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OPIOID FREE ANESTHESIA: RELEVANCE AND REPERCUSSIONS IN
POSTOPERATIVE PAIN MANAGEMENT

Juan P. Cata*,**

*Department of Anesthesiology and Perioperative Medicine
The University of Texas MD Anderson Cancer Centre Houston, TX. USA
** Anesthesiology and Surgical Oncology Research Group.

Opioids remain as the most potent analgesics in clinical practice. In the United States and
other developed countries, the rate of opioid prescription to manage intraoperative and postoperative
pain is high. Not less disturbing it is the fact that patients undergoing surgery might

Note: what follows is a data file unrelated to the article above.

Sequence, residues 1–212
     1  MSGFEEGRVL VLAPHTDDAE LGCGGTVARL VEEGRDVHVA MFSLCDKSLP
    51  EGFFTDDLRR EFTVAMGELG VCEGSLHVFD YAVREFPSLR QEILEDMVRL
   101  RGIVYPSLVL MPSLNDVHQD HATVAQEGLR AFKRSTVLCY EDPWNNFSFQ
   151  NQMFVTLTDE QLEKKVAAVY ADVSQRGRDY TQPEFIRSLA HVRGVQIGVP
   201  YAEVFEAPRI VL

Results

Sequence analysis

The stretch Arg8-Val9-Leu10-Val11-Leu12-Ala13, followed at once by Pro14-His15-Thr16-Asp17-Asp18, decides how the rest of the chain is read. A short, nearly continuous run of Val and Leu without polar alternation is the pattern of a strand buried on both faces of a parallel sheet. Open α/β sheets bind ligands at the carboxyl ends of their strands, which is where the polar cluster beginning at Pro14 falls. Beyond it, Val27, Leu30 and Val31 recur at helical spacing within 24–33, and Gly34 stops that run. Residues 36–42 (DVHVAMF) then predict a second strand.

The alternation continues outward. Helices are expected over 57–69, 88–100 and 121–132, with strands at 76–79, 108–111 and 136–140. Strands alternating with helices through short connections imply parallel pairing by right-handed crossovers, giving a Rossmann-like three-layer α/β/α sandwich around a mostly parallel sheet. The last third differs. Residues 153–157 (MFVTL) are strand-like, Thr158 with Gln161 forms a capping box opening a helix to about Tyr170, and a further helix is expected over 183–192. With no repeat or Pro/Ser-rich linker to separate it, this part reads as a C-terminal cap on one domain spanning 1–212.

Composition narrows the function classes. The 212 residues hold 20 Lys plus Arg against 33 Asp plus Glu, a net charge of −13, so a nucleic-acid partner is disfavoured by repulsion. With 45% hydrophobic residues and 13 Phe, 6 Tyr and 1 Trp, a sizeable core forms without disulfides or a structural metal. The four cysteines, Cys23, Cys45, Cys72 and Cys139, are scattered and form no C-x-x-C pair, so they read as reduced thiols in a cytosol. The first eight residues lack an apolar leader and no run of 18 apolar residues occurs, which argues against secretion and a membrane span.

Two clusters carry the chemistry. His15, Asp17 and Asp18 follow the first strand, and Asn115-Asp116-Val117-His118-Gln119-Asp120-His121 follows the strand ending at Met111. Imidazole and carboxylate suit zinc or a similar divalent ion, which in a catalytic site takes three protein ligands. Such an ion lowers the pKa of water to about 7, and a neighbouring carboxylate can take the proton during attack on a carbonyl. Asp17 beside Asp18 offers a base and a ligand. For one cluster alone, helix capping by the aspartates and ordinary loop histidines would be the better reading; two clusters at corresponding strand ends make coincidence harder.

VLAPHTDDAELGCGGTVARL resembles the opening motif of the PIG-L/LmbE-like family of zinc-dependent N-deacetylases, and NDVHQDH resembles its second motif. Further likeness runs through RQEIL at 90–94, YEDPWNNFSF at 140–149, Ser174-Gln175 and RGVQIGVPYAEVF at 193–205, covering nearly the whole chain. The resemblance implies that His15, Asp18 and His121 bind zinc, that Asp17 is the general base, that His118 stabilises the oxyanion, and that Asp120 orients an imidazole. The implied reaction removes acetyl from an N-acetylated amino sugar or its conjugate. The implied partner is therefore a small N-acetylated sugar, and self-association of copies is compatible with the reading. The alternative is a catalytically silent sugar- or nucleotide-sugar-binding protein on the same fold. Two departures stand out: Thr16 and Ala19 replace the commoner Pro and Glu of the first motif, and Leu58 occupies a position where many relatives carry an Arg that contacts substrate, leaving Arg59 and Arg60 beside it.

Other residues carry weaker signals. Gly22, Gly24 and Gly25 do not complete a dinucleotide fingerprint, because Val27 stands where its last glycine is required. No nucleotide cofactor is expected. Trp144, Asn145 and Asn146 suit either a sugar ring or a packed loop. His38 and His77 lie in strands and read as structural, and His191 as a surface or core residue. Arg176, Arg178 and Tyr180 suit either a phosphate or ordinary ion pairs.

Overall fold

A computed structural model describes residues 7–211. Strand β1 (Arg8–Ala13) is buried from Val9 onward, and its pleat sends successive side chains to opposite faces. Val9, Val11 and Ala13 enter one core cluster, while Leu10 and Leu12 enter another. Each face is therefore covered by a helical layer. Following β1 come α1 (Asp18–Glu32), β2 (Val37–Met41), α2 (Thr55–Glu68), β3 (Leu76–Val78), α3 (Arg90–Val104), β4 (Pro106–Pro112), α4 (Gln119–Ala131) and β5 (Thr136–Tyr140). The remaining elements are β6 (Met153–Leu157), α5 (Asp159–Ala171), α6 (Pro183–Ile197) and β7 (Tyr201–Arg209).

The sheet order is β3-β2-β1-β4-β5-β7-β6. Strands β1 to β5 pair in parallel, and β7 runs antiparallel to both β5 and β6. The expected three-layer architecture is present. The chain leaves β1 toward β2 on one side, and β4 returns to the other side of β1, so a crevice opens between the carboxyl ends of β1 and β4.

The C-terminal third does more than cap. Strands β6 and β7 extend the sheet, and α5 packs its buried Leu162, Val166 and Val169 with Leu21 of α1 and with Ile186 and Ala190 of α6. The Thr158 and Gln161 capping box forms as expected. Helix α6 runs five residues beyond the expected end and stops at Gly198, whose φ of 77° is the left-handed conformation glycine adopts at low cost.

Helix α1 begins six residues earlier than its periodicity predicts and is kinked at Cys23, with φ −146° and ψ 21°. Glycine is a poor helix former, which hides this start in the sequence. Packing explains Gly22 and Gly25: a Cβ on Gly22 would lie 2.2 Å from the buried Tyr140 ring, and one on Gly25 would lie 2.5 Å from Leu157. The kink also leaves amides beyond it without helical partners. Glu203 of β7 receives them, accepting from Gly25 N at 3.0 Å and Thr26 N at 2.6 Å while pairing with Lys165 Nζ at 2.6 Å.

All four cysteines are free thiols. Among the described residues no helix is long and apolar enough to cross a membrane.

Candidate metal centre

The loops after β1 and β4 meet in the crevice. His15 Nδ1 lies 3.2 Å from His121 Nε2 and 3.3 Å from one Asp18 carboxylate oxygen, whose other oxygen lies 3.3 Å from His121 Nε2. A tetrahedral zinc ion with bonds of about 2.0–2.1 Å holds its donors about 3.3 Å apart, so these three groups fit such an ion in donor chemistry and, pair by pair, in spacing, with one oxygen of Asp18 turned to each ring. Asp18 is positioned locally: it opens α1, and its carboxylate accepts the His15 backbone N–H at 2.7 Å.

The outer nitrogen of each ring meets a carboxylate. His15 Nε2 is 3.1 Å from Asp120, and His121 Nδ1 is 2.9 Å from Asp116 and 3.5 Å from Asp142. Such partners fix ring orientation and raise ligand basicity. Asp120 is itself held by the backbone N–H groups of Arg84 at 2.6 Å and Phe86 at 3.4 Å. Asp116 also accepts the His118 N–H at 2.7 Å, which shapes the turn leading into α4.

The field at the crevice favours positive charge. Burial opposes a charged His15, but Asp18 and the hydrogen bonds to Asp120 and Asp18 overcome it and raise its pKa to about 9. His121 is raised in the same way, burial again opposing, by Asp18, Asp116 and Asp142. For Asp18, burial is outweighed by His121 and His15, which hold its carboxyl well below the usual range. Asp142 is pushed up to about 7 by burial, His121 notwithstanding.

already be taking opioids preoperatively due to the high prevalence (30%-40%) of acute or
chronic pain. 1 For instance, a recent study demonstrated that approximately a third of the
general population of France were taking opioid within 6 months of the survey. The most
common indications were bone and joint pain. 2 Unfortunately, opioids in moderate-to-high
doses are associated with a high incidence of side effects. Therefore, several medical societies
have recommended the minimization of their use in the perioperative period. Based on this
recommendation, perioperative physicians (i.e. anesthesiologists and surgeons) have proposed
the idea of opioid-free anesthesia. Furthermore, a recent publication from our group
introduced the concept of opioid-free or opioid-less perioperative care.

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